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blackicmenace
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24 Feb 2018, 1:35 pm

But if someone is a stranger to you, why would you expect that they would know the niceties about you? I wouldn't expect anyone to be overly observant when addressing me in an informal situation.


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kraftiekortie
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25 Feb 2018, 6:01 pm

It can very well be offensive in this particular context.

Because the “lady” is a server. And the one being served expressed impatience. If it was just a request for check or something, an “excuse me”would have been better, accompanied by the person’s name (If known)

Even “miss” is better.



DancingQueen
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25 Feb 2018, 6:21 pm

Sounds very offensive to me. They should have said "excuse me".


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blackicmenace
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25 Feb 2018, 6:27 pm

Understood, jerks will be jerks. Some people just can't be bothered to show any resemblance of respect. Sorry for the misunderstanding.


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kraftiekortie
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25 Feb 2018, 6:36 pm

It’s like saying “Hey you!”



Chronos
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25 Feb 2018, 9:22 pm

The_Face_of_Boo wrote:
Chronos wrote:
The_Face_of_Boo wrote:
In my country we still commonly use the french titles: Madame for married, Mademoiselle for the unmarried.

The confusing part is some really get offended if you use the wrong title with them - single women get offended when you call them by mistake Madame because it makes them feel older while married women feel being inapporprely addressed if you call them Mademoiselle by mistake , no man comprehends why, so you have to glare at the women’s hand as attempt to know their marital status before addressing them with the correct title.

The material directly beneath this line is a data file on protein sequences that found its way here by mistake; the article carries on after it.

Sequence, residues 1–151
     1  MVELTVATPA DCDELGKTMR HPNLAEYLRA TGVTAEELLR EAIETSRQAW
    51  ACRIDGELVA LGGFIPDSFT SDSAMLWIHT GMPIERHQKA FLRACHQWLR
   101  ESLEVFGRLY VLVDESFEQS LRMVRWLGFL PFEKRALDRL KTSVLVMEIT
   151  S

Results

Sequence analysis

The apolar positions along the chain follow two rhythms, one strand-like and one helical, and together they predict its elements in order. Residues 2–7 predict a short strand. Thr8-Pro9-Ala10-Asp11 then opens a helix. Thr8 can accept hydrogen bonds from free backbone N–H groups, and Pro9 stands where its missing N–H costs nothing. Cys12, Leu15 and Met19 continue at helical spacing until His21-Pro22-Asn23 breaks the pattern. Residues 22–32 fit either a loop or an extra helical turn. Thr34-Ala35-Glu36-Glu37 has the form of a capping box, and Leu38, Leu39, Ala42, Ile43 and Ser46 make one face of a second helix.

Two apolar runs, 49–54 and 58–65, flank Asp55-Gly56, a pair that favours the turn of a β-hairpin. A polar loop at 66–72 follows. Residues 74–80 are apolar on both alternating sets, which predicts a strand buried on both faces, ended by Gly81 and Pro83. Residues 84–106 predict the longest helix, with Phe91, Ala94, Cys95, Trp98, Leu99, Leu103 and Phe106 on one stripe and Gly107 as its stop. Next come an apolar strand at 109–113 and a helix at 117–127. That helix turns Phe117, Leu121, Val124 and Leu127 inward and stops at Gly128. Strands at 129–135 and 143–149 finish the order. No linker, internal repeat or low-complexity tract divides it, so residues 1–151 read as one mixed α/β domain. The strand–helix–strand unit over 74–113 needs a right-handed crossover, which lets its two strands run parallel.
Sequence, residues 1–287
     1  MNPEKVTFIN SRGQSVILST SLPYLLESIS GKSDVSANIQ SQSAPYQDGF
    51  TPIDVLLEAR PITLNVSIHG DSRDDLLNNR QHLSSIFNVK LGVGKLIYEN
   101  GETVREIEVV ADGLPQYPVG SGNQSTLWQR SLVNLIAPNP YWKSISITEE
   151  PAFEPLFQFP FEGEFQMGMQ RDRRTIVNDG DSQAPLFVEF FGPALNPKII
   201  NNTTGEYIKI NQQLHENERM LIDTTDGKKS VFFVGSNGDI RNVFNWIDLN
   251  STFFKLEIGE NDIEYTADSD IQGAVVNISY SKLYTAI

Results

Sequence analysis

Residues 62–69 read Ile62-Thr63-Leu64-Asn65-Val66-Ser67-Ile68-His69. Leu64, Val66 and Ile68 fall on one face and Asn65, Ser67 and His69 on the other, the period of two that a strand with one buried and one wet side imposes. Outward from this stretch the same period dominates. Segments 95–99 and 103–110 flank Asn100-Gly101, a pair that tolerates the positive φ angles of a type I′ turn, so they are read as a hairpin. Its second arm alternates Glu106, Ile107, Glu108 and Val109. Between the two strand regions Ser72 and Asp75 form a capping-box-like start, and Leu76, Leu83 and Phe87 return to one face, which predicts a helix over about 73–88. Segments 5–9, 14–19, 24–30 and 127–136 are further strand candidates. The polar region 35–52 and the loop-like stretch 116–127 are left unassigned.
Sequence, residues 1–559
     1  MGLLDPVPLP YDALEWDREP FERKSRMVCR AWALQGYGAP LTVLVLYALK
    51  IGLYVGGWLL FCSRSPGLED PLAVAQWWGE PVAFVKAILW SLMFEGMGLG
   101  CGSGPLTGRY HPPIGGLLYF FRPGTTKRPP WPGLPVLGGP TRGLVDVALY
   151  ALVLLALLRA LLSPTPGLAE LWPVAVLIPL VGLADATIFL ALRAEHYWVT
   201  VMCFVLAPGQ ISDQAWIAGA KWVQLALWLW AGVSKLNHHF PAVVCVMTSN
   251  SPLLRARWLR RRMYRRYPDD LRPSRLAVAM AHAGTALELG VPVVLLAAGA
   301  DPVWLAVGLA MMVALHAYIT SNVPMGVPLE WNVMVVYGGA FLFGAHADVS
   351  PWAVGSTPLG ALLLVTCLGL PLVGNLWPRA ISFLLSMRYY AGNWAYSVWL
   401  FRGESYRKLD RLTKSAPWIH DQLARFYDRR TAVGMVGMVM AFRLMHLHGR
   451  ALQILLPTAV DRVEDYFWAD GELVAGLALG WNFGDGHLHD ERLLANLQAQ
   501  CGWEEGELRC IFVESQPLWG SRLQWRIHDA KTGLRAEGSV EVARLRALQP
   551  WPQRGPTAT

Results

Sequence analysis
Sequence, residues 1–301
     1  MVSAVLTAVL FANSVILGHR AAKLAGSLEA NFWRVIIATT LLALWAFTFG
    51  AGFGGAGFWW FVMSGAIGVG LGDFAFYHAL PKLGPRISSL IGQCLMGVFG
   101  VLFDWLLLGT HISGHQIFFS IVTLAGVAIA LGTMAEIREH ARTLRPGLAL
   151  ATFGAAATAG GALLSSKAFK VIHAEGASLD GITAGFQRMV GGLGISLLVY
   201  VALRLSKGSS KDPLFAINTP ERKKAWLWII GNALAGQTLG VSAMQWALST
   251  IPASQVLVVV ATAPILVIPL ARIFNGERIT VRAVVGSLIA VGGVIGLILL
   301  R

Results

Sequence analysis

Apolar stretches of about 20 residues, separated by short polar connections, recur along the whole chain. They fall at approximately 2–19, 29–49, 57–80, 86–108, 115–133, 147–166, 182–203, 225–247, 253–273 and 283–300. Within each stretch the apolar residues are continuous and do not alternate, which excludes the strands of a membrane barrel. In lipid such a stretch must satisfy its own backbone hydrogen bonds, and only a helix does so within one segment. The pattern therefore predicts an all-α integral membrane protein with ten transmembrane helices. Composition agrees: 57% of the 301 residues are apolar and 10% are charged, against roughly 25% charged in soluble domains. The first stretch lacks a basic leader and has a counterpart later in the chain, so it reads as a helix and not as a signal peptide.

Is there perhaps a stigma being older unmarried female in Lebanon?


Such stigma exists everywhere - don’t you have the “lady with 20 cats” stigma?


Yes...the crazy old cat lady. However what I meant was, perhaps older Lebanese women think that by calling them "mademoiselle" instead of "madame" you are implying they were not good enough for someone to marry them. In the U.S. if you called an older woman "mademoiselle" she would likely think you were trying to flatter her by implying she looked young.



The_Face_of_Boo
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26 Feb 2018, 8:39 am

Chronos wrote:
The_Face_of_Boo wrote:
Chronos wrote:
The_Face_of_Boo wrote:
In my country we still commonly use the french titles: Madame for married, Mademoiselle for the unmarried.

The confusing part is some really get offended if you use the wrong title with them - single women get offended when you call them by mistake Madame because it makes them feel older while married women feel being inapporprely addressed if you call them Mademoiselle by mistake , no man comprehends why, so you have to glare at the women’s hand as attempt to know their marital status before addressing them with the correct title.


Is there perhaps a stigma being older unmarried female in Lebanon?


Such stigma exists everywhere - don’t you have the “lady with 20 cats” stigma?


Yes...the crazy old cat lady. However what I meant was, perhaps older Lebanese women think that by calling them "mademoiselle" instead of "madame" you are implying they were not good enough for someone to marry them. In the U.S. if you called an older woman "mademoiselle" she would likely think you were trying to flatter her by implying she looked young.



Probably they assume the man is trying to approach them romantically when calling them Mademoiselle/Demoiselle (means he's assuming they're single) so they rise their defenses by asserting they're married.



Esmerelda Weatherwax
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26 Feb 2018, 8:50 am

MissConstrue wrote:
The_Face_of_Boo wrote:
(The only reason I posted here is because i noticed your name on the main listing on main page).

In my English understanding the word "Lady" is equivalent to 'gentleman' , not to 'man'.

So you have to comeback with a "Hey gentleman!".

It would sound better if you wear a court dress and them wearing the silly white wigs. :>


I almost thought of that but given the context, I think boys would have been a more appropriate term or maybe stingbums since they never tipped me and left a huge mess to clean up. I could only imagine the foppish wigs dangling in pints of ales.


I suspect their tone of voice was anything but courtly. That (tone of voice) seems to be missing from our discourse... now, I AM an old lady with cats, so my response would probably not work for you. But just in case it might: Stand straight and tall, look at them over your glasses in the best "teacher" manner, and respond,

"Yes, children?"

In your most mellifluous tones.

Regardless of their age. It's a much sharper message, of course, if they're between 16 and 30.


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26 Feb 2018, 9:25 am

When faced with a wrong order at a restaurant, I just tell a waiter (not necessarily mine) what the issue is.


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